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Friday, February 28, 2014


On February 15, I had the opportunity to attend the Rose Ensemble’s Candlelight Concert at the Basilica of St. Mary in Minneapolis.  As I’ve mentioned many times before I am a HUGE fan of the Rose Ensemble, and their Candlelight Concerts are my favorites.  In fact, some years when I have only been able to attend one of their performances, I always choose the Candlelight Concert.

The Basilica of St. Mary in Minneapolis.

I like this performance for a number of reasons, not the least of which is that it always provides a calm meditative atmosphere while introducing us to some amazing period music. The other thing I love about this concert is the pre-concert discussion.  This is the only one of their performances throughout the year that offers this, and they are very educational and informative.

This year’s concert was entitled “Martin’s Cloak” and featured the “mystery, miracles, and marvel that surrounded the 13th-century saga of Saint Martin.”  Martin, as we learned, wasn’t canonized because he endured a martyr’s death for his faith, but instead for the way that he lived his life.  There is a wonderful story of Martin, who was soldier in the Roman army, and his encounter with a poor man without a cloak shivering on a cold day.  Martin immediately drew his sword and, slicing his own cloak in half, offered half to the man.  That evening, in a dream, Christ appeared to him wearing that cloak.  Martin took this as a sign that he was to be a “soldier” for Christ, and renounced his service in the military.  He eventually went on to become the Bishop of Tours, France.

Evening's glow.

For centuries the music that celebrated Martin existed only in fragments, but thanks to the research of Israeli Musicologist, Yossi Maurey, a number of these fragments have been pieced together allowing the Rose Ensemble to bring them to life again.  One of the pieces, Miles Mire Probitatis, hadn’t been performed for 500 years until that evening.  Maurey was also on hand to lead the pre-concert discussion and we were given an wonderful introduction not only Martin, but to Gregorian Chant as well, and how subsequent layering of music lines evolved these pieces forward over time.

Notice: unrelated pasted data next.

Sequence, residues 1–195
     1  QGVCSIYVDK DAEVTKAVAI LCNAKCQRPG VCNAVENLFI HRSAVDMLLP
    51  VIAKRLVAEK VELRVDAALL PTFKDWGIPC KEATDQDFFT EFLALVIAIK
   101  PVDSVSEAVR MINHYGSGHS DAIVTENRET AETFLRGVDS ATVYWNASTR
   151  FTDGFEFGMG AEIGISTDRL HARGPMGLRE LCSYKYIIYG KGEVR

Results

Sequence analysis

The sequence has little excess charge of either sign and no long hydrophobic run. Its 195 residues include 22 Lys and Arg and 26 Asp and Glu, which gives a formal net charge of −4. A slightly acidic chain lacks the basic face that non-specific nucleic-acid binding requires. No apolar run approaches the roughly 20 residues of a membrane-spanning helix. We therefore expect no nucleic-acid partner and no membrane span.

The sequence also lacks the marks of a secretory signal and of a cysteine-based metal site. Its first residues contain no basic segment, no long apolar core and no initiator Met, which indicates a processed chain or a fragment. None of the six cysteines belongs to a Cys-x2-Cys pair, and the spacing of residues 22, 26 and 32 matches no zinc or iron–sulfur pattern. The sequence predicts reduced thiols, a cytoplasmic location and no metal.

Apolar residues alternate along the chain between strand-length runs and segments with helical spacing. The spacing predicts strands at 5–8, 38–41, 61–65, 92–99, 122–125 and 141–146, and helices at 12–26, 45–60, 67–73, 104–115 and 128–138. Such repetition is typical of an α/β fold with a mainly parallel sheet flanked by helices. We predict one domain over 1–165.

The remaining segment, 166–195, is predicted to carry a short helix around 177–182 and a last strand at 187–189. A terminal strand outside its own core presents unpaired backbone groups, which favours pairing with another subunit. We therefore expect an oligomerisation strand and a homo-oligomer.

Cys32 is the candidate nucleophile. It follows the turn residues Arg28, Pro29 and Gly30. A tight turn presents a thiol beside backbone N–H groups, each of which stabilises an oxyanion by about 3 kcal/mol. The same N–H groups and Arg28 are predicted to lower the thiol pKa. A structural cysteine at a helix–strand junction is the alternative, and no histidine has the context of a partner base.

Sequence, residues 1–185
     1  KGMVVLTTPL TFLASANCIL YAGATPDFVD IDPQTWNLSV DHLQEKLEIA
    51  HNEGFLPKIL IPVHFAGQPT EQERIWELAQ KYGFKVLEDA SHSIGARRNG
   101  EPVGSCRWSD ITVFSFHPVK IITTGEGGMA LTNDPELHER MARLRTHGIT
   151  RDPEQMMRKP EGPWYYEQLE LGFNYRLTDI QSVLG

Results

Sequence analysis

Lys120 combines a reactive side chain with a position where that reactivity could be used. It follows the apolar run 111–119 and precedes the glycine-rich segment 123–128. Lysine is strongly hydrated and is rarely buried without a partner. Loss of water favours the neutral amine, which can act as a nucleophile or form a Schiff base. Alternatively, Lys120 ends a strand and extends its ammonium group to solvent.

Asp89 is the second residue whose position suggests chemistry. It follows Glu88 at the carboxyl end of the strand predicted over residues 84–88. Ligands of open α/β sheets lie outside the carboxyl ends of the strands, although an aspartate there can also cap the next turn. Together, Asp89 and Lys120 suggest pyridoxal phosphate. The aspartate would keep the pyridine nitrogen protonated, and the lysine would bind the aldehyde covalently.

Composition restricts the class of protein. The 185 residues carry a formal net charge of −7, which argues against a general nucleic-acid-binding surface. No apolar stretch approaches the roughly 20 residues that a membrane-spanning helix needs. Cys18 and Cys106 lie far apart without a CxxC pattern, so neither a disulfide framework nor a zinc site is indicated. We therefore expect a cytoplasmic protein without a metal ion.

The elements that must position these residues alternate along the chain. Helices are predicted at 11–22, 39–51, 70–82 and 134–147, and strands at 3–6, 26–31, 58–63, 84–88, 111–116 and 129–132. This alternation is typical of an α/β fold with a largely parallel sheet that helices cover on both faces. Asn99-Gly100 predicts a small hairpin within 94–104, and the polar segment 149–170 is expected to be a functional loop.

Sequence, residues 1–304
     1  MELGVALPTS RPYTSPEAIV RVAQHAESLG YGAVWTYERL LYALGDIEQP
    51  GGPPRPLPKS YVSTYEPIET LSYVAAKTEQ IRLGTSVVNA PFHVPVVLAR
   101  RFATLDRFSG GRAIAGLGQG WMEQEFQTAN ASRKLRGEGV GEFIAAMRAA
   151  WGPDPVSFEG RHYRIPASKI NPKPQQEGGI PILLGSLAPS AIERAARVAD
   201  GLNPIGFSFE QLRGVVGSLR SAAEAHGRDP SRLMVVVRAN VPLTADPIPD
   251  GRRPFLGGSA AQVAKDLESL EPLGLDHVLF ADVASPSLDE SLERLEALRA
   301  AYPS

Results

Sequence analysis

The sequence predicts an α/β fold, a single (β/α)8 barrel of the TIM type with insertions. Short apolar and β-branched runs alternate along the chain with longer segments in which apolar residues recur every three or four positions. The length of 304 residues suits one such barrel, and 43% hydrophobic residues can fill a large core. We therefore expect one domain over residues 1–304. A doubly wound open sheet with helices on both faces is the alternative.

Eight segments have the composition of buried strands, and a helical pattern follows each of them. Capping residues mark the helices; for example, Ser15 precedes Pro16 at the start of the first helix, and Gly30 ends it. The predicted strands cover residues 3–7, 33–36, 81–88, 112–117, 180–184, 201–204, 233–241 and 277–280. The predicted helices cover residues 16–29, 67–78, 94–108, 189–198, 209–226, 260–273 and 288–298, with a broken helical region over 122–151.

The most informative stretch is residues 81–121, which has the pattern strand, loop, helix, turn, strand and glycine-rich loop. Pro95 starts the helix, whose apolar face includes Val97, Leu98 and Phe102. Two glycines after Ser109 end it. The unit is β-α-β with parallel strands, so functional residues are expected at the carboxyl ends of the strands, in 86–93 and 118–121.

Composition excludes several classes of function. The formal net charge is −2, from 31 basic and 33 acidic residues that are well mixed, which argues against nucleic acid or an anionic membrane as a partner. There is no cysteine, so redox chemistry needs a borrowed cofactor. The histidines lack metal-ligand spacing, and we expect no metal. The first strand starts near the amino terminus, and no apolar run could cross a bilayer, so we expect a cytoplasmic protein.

As usual, I was not disappointed, and the Rose Ensemble's Candlelight Concert was truly amazing.

Don't let the name fool you.  There's nothing pornographic about this venue.

The food at the Amsterdam was delicious!

A few days after the Rose Ensemble concert, a friend and I attended an operetta based on the story of Olympic figure skaters Tonya Harding and Nancy Kerrigan.  “Tonya and Nancy: The Opera” was presented by Mixed Precipitation, a small local company who also presents an Opera in the Park series. Last summer I attended one of  their park performances, and it was really well done.

This performance was held at the Amsterdam Bar and Hall in St. Paul, a music venue for local bands.  I had never been to the Amsterdam so this was a new adventure for me.  We arrived early so we could have dinner, and I must say that the food was INCREDILE!!!  I will go back again for the food alone!

“Tonya and Nancy: The Opera” was far more “camp” then the other production I attended, but was very enjoyable.  The operetta was short, and was part of a larger program that included live webstreaming of the women’s Olympic figure skating championship along with Olympic figure skating trivia, all kicked off by a pre-show performance of music from Dmitri Shostakovich's Seven Romances.  While the concept of the evening was good, it seemed to lack cohesion and didn’t flow smoothly.  However, even though the show could have been tightened up some, it was still a fun evening.

The storm was in full swing when we left the Amsterdam!

Our drive home from St. Paul was a bit interesting as the Twin Cities received another ten inches of snow that night.  Under the snow was a sheet of ice which made travel difficult, even a few days later when the streets had been plowed.  I chose to escape the winter cold that weekend by visiting the Minneapolis Institute of Art (MIA).

"Sunshine" on a cold winter day!

I'm in trouble! MIA now sells some incredible bow ties!

MIA is an incredible museum, and a true gem in a city our size.  I spent the day wandering their halls and galleries visiting favorite pieces, while at the same time discovering new attractions.  The museum itself will be the subject of another post, but as way of introduction, I’d like to share with you a few of my favorite pieces from its collection.

The original entrance to MIA.

February has definitely been one of the coldest months I can remember during my twelve years here in Minneapolis, but these sub-zero temperatures have given me the chance to explore and experience several of the amazing and varied arts opportunities the Twin Cities have to offer.  We truly are an arts mecca.

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